Building MOMentum: Lessons in online to field organizing: An Engage conversation with Sarah Francis, Campaign Director

Born in 2006, has quickly grown into a powerful political force. pushes for positive change on a diverse range of issues that matter to moms and families, such as health care, immigration, gun reform and affordable, high-quality child care. With over a million members across every single state in the US, has been central to big wins on issues such as health care reform and maternity leave.

You might remember’s cheeky Diaper-O-Grams back in 2010: diapers decorated with messages delivered to Congress from MomsRising members with statements like, “We need a change!” and, “The insurance industry’s practices stink!” Or you may have seen members of Congress wearing baby pacifier lapel pins during the 2009 battle for health care reform — allowing Congress members to demonstrate that they would stand up for families and, ‘not be pacified!’

How has managed to engage Moms from across the political spectrum both online and on the ground and exponentially expand their impact? Campaign Director Sarah Francis gives us the lowdown on’s special sauce.

Building MOMentum

Sarah Francis has a large target audience — there are currently over 85 million moms in the United States. “New moms are suddenly faced with all these issues from education and health care to affordable child care and paid maternity and paternity leave,” explains Francis. “We held a event in Washington State where we went around the room and asked everyone: “What is the biggest issue you face as a Mom? And they rattled off everything that campaigns on: maternity leave, affordable health care and child care, live-able wages, education. We shared what we do at — and the power that we all have when we come together.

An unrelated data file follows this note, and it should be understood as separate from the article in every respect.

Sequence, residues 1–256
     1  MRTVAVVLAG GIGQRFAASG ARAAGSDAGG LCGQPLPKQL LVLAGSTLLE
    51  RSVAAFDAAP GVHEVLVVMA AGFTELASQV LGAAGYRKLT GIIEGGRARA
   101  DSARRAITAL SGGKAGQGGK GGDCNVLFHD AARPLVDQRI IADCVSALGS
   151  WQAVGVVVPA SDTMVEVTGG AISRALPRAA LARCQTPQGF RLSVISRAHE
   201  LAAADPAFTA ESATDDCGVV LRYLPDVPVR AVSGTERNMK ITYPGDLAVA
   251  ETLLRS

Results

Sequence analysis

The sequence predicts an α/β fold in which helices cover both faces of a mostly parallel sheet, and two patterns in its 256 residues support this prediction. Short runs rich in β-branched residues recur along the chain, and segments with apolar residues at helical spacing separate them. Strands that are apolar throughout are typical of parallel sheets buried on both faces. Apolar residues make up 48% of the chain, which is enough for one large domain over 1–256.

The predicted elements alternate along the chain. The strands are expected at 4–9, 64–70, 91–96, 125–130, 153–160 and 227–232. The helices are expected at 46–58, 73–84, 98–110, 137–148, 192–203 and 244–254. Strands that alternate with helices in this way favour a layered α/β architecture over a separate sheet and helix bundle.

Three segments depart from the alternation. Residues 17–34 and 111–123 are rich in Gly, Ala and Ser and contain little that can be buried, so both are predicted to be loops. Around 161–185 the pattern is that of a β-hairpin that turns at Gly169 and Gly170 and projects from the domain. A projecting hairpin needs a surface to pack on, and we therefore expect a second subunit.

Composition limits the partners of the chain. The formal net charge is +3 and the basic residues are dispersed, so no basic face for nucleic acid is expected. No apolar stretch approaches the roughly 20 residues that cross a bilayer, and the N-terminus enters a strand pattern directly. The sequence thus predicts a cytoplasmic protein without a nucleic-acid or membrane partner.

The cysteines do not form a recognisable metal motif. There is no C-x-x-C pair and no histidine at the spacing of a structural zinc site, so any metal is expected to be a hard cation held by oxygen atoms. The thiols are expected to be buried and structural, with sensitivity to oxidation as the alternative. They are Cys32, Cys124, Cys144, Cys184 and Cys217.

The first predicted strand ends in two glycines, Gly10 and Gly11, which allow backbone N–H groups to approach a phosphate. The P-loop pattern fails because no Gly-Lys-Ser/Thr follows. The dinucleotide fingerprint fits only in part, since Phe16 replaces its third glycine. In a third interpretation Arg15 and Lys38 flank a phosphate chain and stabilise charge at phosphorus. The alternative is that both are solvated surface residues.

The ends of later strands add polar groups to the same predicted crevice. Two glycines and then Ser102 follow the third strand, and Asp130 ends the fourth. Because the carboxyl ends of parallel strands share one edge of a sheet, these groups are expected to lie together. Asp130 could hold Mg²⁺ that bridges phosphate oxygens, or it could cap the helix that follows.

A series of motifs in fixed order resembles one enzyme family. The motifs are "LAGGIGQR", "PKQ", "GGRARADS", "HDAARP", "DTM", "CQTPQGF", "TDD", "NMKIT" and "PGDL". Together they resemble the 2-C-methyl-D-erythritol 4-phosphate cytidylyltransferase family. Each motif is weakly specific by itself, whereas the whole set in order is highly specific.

Moms are incredibly busy.  That’s why we make sure we have a strong theory of change behind all of our engagement efforts. If you can give people a clear theory of change, it really empowers them to do something on issues they care about.    They get really fired up!”

Storytelling lessons

Momsrising members sharing their experiences right across the country.

Getting members to share their experiences is a key component of’s success. “Asking members to share apersonal experience on a specific issue is one of our key avenues of engagement,” explains Francis. We work with a few storytellers on each campaign, give them a  media training, and then we highlight them in national and online media, and connect them directly with members of congress. This approach has been incredibly successful in terms of both member engagement and media exposure,” says Francis.

“And there is something really interesting we’ve learned. We’re much more successful when we ask someone to “share their experience” rather than to “share their story”. We think it’s because ‘story’ sounds like a novel, a big deal — it’s kind of intimidating and they’re just an average person. We’ll get maybe a 3% response rate if we ask people to share their ‘story’. If we ask them to shares their ‘experiences’ instead, we’ll get almost double that — a response rate of around 5.6%.”

Online to Field Engagement

Francis explains that has had huge success with using staff members’ personal email addresses in auto responders to petition signers. It’s been a way of starting meaningful dialogue with members. She also talks us through use of fun events and webinars as a key means of engaging members.

“Basically, we send out an email saying: “Sign this petition because they’re trying to cut quality health care,” says Francis. “Once they sign the petition we always put one of our personal email addresses as the return address. And we make the auto responder super casual like, “Hey Marianne, thank you so much for taking action, your voice is joining thousands of other voices and together we can make a massive impact on this issue.” And then that, by itself, has been enough to start email conversations. Because unlike the impersonal autoresponder that most people are used to getting, you have contact with a real person. People often respond right back and share their stories, or say something like, “Yes! I’m so angry about that!” We keep the dialogue open and get on the phone with them and offer people chances to get involved and tell their stories and move forward from there.”